On Wednesday, the Uvalde Consolidated Independent School District placed embattled police chief Pete Arredondo on indefinite administrative leave. In a press release from CISD Uvalde, Superintendent Dr. Hal Harrell announced that he had placed Arredondo on administrative leave despite an earlier statement that he would await a full investigation before making personnel decisions.
Harrell cited a remaining lack of clarity and the unknown timing of receiving the results of an investigation as the reason for his decision. He added that the decision is effective immediately. The press release does not specify whether Arredondo’s administrative leave will be paid or not. Harrell has released no further information regarding the staff’s decision.
UCISD Police Chief Arredondo, who leads the six-man police department, has come under heavy criticism for his role in the Robb Elementary shooting in May, which left 19 students and 2 teachers dead. Arredondo, one of the first officers to respond to the shooting, was appointed by state officials as the on-scene commander.
On Tuesday, Texas Department of Public Safety Director Steve McCraw testified before a Texas Senate Special Committee telling members that law enforcement’s response to the shooting was “a dismal failure.” McCraw told committee members that Arredondo, as the on-scene commander, was responsible for law enforcement’s delay in breaching adjacent classrooms where the school gunman held off first responders for more than 10 years. ‘one o’clock.
The shooter was eventually killed by a hastily assembled team of Border Patrol agents and local and state authorities. Arredondo attributed the delay in entering the classroom to a search for the keys needed to open the doors. As Breitbart Texas reports, authorities say one of the classroom doors may not have been locked, or even lockable, due to mechanical issues.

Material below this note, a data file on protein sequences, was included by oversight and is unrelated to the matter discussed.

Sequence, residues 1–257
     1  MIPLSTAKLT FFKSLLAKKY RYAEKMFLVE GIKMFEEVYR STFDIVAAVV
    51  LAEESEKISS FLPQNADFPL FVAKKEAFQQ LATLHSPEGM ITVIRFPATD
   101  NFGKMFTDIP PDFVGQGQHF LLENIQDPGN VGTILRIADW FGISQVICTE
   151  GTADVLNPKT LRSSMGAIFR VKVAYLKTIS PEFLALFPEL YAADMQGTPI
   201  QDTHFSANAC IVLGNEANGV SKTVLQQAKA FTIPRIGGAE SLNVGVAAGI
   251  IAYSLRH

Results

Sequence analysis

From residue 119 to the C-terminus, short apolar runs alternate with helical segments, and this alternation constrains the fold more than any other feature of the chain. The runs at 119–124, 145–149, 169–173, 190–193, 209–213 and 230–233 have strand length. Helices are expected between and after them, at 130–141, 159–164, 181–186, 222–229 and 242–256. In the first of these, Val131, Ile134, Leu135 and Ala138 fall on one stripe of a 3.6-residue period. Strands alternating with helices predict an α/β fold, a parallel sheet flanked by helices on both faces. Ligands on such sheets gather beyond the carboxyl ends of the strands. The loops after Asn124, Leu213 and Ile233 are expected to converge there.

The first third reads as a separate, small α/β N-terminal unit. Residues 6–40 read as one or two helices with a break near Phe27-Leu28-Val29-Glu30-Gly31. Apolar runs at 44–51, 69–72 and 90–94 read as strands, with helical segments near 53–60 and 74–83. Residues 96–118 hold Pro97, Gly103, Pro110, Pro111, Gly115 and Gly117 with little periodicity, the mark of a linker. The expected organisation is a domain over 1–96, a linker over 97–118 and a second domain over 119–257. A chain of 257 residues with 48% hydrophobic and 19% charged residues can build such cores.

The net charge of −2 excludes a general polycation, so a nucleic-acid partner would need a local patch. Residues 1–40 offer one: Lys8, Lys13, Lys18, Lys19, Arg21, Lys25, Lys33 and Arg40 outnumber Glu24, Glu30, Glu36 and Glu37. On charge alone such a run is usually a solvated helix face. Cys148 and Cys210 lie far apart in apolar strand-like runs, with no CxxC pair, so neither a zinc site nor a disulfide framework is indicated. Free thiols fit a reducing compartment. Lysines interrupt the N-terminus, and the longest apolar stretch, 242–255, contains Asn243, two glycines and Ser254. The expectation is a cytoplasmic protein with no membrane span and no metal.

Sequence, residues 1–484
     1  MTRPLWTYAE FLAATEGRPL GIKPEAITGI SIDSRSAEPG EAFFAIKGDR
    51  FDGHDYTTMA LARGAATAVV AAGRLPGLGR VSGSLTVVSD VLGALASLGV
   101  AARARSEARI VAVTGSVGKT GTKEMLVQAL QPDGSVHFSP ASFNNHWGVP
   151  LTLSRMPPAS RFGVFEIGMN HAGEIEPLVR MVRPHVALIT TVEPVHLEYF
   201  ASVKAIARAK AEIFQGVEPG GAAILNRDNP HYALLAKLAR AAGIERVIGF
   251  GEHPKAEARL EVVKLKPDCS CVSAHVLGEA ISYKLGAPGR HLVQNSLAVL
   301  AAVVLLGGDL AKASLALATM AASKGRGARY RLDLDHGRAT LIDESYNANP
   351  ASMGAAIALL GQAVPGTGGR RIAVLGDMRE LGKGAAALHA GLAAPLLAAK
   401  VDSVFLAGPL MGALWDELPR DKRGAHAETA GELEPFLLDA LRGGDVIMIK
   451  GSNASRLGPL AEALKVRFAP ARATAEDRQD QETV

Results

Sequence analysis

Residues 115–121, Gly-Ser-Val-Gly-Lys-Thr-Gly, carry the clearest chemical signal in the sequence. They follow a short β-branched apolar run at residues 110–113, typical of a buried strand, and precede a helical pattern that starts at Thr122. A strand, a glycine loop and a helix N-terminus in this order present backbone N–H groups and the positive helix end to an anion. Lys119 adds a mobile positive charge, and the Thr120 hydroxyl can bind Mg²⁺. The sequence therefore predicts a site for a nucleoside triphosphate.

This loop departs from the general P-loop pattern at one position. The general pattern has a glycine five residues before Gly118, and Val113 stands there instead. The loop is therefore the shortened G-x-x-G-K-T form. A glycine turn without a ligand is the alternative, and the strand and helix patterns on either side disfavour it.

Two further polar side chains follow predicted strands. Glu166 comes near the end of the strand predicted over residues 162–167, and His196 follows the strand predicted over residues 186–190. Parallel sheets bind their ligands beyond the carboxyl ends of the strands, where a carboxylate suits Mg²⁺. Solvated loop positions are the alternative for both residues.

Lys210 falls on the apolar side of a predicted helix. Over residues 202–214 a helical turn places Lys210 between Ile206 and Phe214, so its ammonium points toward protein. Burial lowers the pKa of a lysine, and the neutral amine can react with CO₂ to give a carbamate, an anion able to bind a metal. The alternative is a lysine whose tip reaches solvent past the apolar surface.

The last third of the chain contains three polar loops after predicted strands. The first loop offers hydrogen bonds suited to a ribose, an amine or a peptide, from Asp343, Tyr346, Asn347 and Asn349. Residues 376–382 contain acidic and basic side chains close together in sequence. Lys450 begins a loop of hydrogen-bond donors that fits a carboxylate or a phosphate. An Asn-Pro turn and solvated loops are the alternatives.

In an interview with the Texas Tribune, Arredondo disputes the idea that he was the on-scene commander. Arredondo told the Tribune that he believed he was playing the role of a first responder and that someone outside the building took command of the response. According to the Tribune, Arredondo checked one classroom door while another officer checked the second door and reported that both were locked.
Arredondo defended his actions and those of the local law enforcement officers who responded to the shooting, telling the Tribune, “Not a single responding officer ever hesitated for even a moment to put themselves in danger to save the children. We reacted to the information we had and had to adapt to whatever we were faced with. Our goal was to save as many lives as possible, and the extraction of students from classrooms by everyone involved saved over 500 of our students and teachers from Uvalde before we had access to the shooter and eliminated the threatens.
Randy Clark is a 32-year veteran of the United States Border Patrol. Prior to his retirement, he served as the Division Chief of Law Enforcement Operations, directing the operations of nine Border Patrol posts in the Del Rio, Texas area. Follow him on Twitter @RandyClarkBBTX.